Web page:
Lymph proliferative Disease in the Pediatric Airway (Lungs) Contributing to Obstructive Sleep Apnea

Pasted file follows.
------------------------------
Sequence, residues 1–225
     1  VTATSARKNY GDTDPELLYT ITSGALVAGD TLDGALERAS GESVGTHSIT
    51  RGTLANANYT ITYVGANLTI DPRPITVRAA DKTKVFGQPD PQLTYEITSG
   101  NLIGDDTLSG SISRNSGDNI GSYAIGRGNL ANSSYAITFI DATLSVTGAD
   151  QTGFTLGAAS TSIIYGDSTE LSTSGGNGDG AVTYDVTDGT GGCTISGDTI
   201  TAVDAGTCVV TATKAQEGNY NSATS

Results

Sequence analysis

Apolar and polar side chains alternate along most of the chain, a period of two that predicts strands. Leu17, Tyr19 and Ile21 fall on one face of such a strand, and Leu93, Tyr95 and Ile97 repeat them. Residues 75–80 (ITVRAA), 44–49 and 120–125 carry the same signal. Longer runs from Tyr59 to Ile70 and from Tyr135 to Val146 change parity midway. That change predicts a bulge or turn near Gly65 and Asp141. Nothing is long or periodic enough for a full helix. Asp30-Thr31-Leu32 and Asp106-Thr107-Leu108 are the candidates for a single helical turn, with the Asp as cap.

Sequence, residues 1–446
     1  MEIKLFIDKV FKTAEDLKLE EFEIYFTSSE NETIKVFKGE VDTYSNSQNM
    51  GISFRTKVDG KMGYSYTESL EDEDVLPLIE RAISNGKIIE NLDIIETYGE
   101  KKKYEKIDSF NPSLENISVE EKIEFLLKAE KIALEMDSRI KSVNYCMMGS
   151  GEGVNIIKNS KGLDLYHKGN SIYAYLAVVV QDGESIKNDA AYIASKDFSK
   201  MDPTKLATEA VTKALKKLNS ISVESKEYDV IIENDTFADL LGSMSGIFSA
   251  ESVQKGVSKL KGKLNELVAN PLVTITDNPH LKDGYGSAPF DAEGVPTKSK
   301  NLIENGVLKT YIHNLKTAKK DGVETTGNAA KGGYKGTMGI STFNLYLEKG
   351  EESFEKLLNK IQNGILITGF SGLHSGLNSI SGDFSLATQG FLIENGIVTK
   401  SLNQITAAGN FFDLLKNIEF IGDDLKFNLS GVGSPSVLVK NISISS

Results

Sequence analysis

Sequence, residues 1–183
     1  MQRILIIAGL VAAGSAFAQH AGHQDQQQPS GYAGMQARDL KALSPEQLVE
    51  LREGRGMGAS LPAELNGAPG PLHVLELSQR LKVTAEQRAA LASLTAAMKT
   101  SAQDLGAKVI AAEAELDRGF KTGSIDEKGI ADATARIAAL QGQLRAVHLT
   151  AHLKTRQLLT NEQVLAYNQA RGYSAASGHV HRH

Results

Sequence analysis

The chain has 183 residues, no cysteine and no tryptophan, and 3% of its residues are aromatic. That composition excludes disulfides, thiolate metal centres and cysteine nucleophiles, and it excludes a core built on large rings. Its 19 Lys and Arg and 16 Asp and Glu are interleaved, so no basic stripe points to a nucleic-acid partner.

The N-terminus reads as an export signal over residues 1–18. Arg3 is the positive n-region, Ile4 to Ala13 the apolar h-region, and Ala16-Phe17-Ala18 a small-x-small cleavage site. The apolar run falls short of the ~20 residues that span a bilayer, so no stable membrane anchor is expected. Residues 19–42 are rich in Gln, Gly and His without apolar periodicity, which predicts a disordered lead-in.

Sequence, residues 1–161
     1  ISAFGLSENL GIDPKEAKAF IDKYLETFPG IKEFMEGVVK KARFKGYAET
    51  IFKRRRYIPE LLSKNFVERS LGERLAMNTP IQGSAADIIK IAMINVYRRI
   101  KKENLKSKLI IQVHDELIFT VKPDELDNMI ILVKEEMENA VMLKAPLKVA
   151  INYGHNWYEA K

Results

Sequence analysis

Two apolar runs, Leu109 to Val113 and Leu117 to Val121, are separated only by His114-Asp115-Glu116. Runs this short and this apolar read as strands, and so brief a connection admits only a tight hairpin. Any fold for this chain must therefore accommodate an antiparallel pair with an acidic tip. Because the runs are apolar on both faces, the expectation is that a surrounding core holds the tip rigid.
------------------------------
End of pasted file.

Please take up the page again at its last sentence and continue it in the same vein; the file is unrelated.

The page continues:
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This is a case report of an 18-year-old male with a history of lymphoproliferative disease who presented to the otolaryngology head and neck surgery service with signs and symptoms of Obstructive Sleep Apnea (OSA). The patient had undergone a tonsillectomy and adenoidectomy 12-years prior, but current imaging demonstrated asymmetric tonsils and an enlarged left tonsil. The patient underwent drug-induced-sleep-endoscopy to further investigate the source of obstruction and was found to have obstructive tissue at the supraglottis and base of tongue. The tissue was likely a result of the patient’s lymphoproliferative disease and was a primary contributing factor to the OSA. Clinical suspicion for pharyngeal lymphoid tissue should be high in patients with this disease who are showing clinical signs of OSA.

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